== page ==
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Russia: Are soldiers' protesting wives a threat to Kremlin?

Alexey Strelnikov
February 18, 2024

The wives and relatives of Russian soldiers deployed to Ukraine are expanding their protests. Despite the risks of being arrested, they are calling for the return of their loved ones. Can they force change?

Russian President Vladimir Putin seated at a long table with more than a dozen women
President Vladimir Putin said of the deaths of Russian soldiers in Ukraine: 'All of us have to leave this world behind at some point'Image: Alexander Shcherbak/SPUTNIK/AFP/Getty Images

Protests in which the wives of Russian soldiers deployed to Ukraine lay flowers at the Tomb of the Unknown Soldier in Moscow while calling for the return of their husbands have become a regular ocurrence. Similar scenes are also playing out in other cities across Russia. Thus, the families of Russian men sent to fight in Ukraine are garnering ever more attention. Meanwhile, Russian opposition groups have pledged support for soldiers' relatives as they believe recruiting has become an Achilles' heel for the Kremlin.

Still, when it comes to the war in Ukraine — it is almost two years since Russia's full-scale invasion — there are differences of opinion among politicians, and even among the families of deployed soldiers. Some condemn the war, while others back it but have called for rotations at the front.

First Moscow vigils took place in November

"We are deleting all messages calling for demonstrations!," read a November 7 post on the "We Are Together" Telegram channel for the wives of Russian soldiers deployed to Ukraine. The post was designed to keep soldiers' relatives from attending anti-war protests.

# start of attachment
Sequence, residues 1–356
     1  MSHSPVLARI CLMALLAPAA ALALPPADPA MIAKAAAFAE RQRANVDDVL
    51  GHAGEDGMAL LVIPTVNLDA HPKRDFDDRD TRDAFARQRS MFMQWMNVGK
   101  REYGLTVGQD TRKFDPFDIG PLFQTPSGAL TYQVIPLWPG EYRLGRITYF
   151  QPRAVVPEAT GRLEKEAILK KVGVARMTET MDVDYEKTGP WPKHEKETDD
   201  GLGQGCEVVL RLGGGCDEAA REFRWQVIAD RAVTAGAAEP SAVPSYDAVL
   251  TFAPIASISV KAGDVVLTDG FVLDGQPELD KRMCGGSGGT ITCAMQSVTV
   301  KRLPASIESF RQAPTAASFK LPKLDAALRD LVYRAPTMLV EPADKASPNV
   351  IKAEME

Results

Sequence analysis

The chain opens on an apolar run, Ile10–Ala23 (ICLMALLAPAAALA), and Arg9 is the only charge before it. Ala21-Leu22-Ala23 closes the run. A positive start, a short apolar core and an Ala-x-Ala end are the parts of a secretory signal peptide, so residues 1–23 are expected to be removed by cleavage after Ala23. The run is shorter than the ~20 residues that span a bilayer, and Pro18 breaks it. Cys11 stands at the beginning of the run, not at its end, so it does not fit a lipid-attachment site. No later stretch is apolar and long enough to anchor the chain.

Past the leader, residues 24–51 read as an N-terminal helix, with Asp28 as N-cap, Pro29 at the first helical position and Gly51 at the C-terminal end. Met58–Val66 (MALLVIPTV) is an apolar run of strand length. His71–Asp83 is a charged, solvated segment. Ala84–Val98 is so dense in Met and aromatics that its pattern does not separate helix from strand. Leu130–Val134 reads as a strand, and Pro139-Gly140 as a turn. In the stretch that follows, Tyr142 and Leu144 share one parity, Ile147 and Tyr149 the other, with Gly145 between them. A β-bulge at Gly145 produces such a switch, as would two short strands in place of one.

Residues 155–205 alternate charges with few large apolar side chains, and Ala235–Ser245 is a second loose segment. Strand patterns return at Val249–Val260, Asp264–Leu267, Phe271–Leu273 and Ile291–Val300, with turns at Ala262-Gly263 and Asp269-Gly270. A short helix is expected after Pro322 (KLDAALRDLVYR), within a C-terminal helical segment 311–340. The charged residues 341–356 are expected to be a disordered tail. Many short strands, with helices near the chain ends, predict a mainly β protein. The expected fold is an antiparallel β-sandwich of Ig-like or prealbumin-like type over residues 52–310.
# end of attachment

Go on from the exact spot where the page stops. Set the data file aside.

Olga Kats, a well known activist whose brother was killed on the front last year, explained the move on her "Vernyom Rebyat" (Bring the Boys Home) Telegram channel, saying demonstrations are a complicated issue. "Of course, it's easiest to voice one's anger by going to Red Square and stomping one's feet," wrote Kats. But, she added, such activities could also attract provocateurs, eventually leading to a collapse of "dialogue with the authorities." Kats herself sees the war as one of confrontation with the West, which she says must be thwarted in its attempts to carve up Russia.

But as Kats warned against attending demonstrations last November, five women from the "Put Domoi" (The Way Home) movement gathered for their first vigil in Moscow. They called for their relatives to be brought home, above all, because deployments to the Ukrainian front are open-ended.

Images from the vigil quickly spread on social media but police made no arrests. Nevertheless, some participants received visits from the authorities who urged them to forgo such public activities in the future. But the opposite happened, with the women moving their vigil to the gates of the Kremlin, where they began placing flowers at the Tomb of the Unknown Soldier.

Ukraine soldiers accept new realities after two years of war

Arrests at demonstrations across Russia

The first protests were more like debates between those for and against Russia's invasion of Ukraine. At first there were just eight participants, about two months later that number had grown to around 50. Meanwhile, similar vigils have begun taking place in other regions across Russia.